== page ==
Today’s Headlines

  • Active Trans Launches Petition Against Rauner Plan to Gut Transit, Boost Road Funding
  • Tattler: Cutting Transit Funding Without Raising Taxes on Rich Is Class Warfare
  • Reader: Emanuel’s Parking Contract Reboot Gave More Territory to Concessionaire
  • New Interest in the Old “Loop Connector” Proposal for Train Service to Navy Pier (DNA)
  • Metra Cancels 2 Trains After Joliet Derailment (Tribune)
  • Officer Defends His Decision to Pursue Suspect, Which Led to Fatal Crash (Tribune)
  • Driver Seriously Injured Senior as She Left Church in Park Ridge (Tribune)
  • Construction of Peoria Bridge Will Close Lanes on Eastbound Ike This Weekend (DNA)
  • John Navigates the Chicagoland Tiki Scene by Train and Bike (Newcity)
  • Has Your Winter Biking Experience Been Rocky? This Theme Song Will Fire You Up (Tiny Fix)

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Due to a funding shortfall, Streetsblog Chicago has suspended publication of orginal articles. Please see Streetsblog Editor-in-Chief Ben Fried’s message about the hiatus, and my post about the effort the revive the site via local fundraising. In the meantime, I am continuing to produce Today’s Headlines on a volunteer basis as a service to readers.

The Chicago Community Trust, a charitable foundation that was one of the early funders of SBC, has been impressed by the outpouring of support the site has received since we announced our hiatus on January 8. Thanks to the generosity of sponsors and readers like you, by February 16, we had raised $34K of the $75K needed to fund a year of operations.

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– John

  • Fred

    Re : Loop Connector

    Any expansion of public transit is a pipe-dream in Rauner’s Austere Illinois. No reason to even spend time thinking about it, let alone wasting money on it.

  • rohmen

    I largely agree, though the capitol improvements budget at CTA is entirely separate from the operation budget, and so far I thought his cuts were aimed at only the operation budget.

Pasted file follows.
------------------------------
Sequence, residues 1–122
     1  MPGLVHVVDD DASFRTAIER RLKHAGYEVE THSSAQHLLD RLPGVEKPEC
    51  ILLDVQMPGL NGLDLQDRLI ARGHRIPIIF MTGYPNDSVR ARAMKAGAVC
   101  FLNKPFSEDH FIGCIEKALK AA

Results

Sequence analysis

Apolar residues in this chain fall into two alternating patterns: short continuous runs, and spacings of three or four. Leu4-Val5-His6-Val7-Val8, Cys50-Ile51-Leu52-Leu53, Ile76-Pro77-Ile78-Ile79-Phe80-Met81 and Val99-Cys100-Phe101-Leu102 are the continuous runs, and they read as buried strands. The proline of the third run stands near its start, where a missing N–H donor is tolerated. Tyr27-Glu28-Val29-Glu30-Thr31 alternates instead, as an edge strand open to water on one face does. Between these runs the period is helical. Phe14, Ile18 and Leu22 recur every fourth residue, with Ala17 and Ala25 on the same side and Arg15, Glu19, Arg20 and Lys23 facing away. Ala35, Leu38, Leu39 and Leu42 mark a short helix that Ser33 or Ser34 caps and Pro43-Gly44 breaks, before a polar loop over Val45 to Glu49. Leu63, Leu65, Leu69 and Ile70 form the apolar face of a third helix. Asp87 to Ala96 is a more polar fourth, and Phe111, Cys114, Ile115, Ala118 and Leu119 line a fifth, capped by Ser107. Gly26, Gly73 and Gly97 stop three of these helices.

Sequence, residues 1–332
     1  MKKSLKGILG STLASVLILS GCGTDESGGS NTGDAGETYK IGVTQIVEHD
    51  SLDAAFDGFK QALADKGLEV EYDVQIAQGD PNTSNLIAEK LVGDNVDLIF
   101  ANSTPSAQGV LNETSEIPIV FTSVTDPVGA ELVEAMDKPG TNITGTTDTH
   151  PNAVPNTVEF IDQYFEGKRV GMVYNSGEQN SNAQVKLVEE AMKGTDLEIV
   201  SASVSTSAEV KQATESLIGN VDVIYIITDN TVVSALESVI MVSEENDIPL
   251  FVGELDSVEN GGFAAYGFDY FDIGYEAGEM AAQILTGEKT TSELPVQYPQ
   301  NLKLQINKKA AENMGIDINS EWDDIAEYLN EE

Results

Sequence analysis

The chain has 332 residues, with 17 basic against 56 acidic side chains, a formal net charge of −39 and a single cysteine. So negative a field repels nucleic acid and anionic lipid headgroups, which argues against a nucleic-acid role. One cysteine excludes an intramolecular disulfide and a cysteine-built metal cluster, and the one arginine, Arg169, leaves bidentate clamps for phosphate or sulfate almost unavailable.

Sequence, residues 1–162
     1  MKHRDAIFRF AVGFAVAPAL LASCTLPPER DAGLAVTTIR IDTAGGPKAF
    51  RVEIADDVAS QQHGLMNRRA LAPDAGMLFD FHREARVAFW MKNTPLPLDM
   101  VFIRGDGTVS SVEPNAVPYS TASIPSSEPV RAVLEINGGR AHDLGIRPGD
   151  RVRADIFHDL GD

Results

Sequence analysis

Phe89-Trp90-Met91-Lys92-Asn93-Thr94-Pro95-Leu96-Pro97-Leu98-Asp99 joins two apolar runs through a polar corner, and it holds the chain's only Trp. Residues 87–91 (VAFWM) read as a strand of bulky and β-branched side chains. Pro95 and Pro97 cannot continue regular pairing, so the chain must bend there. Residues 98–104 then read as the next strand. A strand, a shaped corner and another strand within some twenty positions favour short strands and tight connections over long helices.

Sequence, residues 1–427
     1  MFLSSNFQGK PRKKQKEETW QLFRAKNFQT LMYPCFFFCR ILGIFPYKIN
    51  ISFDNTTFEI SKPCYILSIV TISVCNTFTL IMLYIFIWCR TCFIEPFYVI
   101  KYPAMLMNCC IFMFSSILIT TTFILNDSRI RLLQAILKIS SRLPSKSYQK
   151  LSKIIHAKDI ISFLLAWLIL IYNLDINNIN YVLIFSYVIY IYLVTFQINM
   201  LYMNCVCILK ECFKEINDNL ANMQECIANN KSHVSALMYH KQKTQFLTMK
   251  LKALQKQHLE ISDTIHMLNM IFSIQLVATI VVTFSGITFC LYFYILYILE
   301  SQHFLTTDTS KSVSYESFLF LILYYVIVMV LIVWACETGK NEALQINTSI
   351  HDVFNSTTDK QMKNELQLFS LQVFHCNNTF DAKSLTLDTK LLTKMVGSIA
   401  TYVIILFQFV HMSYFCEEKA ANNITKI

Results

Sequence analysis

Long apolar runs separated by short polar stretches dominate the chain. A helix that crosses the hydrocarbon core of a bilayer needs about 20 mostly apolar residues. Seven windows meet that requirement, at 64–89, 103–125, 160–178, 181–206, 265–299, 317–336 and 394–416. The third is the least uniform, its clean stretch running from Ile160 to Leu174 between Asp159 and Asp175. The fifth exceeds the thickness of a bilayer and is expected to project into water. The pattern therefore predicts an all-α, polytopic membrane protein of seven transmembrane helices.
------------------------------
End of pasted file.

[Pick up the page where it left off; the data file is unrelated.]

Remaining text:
I certainly agree that Rauner isn’t going to jump out in front with support for these things going forward, but i guess it depends how much fed funding can be obtained as to how CTA grows now.

  • Fred

    Remember, Scott Walker RETURNED federal money for high speed rail. At this point I’m not convinced Rauner wouldn’t do the same for non-road, non-airport projects.

  • rohmen

    I could be mistake, but I think CTA receives the grant money directly. For things like high-speed rail and Amtrak, though, yeah we’re in trouble. Especially considering Walker (amazingly) seems more popular than ever—at least outside of Milwaukee and Madison.

  • Kevin M

    I strongly disagree. In fact, I believe we must transform the conversation of funding transit (operations AND capital) as a *smarter* use of limited public transportation funds vs. building more highways and roads. We must use Rauner’s austerity focus to highlight the fact that transit is precisely the sort fiscally-responsible transportation that government should be funding in these tight-budget times. We need to raise this point a thousand times louder than we’ve raised it so far.

    The evidence is bright and clear: look at how much IL taxpayers have spent on their roads and highways over the last 50 years; look at how often those roads and highways have been repaved and rebulit. Compare this with transit funding over the past 50 years and how long the rails, trains, and buses have lasted. We need to spotlight these facts